Nikopol Ferroalloy Plant

Nikopol Ferroalloy Plant is a producer of Manganese Ferroalloy and related material located in Ukraine.[1]

Nikopol Ferroalloy plant
Nikopol's'kyi Zavod Ferosplaviv
(Никопольский завод ферросплавов)
Joint stock company
IndustryAuxiliary steel industry
Founded1958
Headquarters,
Key people
Chairman:Volodymyr S. Kutsin
Vice Chairman of the Management Board for Economics and Finance : Andriy V. Metelchenko
Chief Engineer : Yevhen V. LapinVice[1]
ProductsManganese alloys (bulk)
Websitenzf.com.ua

Background

The plant is one of the largest global producers of manganese alloys, and is situated in the Dnepropetrovsk region of Ukraine, close to large manganese ore deposits. The two main products of the plant are Ferromanganese (FeMn) and Ferrosilicomanganese (FeSiMn)[2]

Plant capacity is over 1 million metric tonnes of silicomanganese and 250,000 tonnes of high carbon ferromanganese, along with significant production capabilities in materials required for manganese production (fluxes).[2] Additionally waste slag supplies the construction industry.[3] The alloys are produced from manganese ore and coke in an electric arc furnace.[2]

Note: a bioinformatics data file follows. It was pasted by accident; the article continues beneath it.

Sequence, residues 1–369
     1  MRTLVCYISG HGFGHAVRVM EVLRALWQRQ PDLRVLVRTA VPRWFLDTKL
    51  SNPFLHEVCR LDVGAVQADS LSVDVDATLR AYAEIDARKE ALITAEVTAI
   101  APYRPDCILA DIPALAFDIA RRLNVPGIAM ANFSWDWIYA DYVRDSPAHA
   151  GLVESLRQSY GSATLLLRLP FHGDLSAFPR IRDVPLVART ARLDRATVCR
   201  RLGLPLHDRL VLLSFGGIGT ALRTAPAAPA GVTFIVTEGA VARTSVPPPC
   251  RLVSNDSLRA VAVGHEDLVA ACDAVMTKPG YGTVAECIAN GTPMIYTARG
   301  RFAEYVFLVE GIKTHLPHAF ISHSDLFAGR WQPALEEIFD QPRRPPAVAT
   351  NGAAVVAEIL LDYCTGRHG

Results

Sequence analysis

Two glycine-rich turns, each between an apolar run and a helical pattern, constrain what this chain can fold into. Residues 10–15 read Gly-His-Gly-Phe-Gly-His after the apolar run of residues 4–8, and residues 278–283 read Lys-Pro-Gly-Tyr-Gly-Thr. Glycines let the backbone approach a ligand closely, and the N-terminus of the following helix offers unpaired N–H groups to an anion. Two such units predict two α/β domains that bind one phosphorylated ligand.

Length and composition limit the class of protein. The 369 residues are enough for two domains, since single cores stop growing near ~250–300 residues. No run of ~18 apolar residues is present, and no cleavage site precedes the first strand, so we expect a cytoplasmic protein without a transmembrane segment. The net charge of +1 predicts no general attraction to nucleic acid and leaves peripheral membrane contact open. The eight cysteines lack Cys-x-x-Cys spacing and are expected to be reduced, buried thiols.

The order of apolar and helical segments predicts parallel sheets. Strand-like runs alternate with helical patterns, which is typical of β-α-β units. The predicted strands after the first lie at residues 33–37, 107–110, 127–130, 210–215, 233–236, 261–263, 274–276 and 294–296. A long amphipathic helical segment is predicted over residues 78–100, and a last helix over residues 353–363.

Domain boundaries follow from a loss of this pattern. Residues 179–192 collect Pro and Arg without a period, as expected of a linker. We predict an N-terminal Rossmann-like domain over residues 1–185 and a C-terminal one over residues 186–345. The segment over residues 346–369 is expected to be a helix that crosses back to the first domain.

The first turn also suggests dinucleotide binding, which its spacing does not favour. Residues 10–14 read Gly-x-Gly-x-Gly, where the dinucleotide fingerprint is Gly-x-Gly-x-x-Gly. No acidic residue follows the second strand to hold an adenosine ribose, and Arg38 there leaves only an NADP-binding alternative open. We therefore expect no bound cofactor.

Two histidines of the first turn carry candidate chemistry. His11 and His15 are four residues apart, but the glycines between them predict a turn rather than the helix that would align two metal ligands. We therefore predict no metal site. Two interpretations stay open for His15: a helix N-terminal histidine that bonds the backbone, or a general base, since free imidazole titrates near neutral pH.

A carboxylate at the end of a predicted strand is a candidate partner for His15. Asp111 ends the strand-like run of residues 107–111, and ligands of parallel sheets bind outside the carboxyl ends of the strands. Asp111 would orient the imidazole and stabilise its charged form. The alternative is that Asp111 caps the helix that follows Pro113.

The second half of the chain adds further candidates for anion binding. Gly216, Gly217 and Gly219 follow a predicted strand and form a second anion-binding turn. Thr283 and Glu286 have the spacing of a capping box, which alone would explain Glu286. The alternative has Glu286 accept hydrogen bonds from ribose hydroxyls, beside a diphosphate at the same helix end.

Company history

In 1958 the USSR council of ministers gave a decree for the construction of a manganese ferroalloy plant at Nikopol in Ukraine. Including the factory buildings a water supply and electricity supply had also to be built. By 1966 the factory was sufficiently complete for the first tapping of No.1 furnace.[4]

By 1975 over 2 million tonnes of silico-manganese had been produced. In the troubled times of the 1990s brought about by the collapse of the Soviet Union and Ukrainian independence the factory had difficulty obtaining raw materials, and even the electricity to power the furnaces was in short supply. Nevertheless, by 2004 furnace No. 14 produced its first million tons of alloy.[5]

Privatisation and de-privatisation

In 2003 as part of a governmental privatisation plan a 50% stake in the plant was sold to Interpipe Group for 80million dollars considered to be a fraction of its true worth. A further 26% was acquired by the Privat Group.[6] The sale later became part of a political scandal in Ukraine relating to privatisations as well as court proceedings to undo the privatisation.[6] The situation echos similar problems with the privatisation of other major Ukrainian industrial concerns, including Luhanskteplovoz and Kryvorizhstal; both being also sold for under market value, in privatisation sales that were later reversed. The company was also fought over by the two major stake holders Privat Group and Interpipe.[7]

Investigations into abuse of authority by the state officials during the initial privatisation have taken place,[8] and the sale was declared illegal in 2005[9] with attempts to block any further privatisation attempts made in 2006.[9]

Panorama of the plant

See also

References

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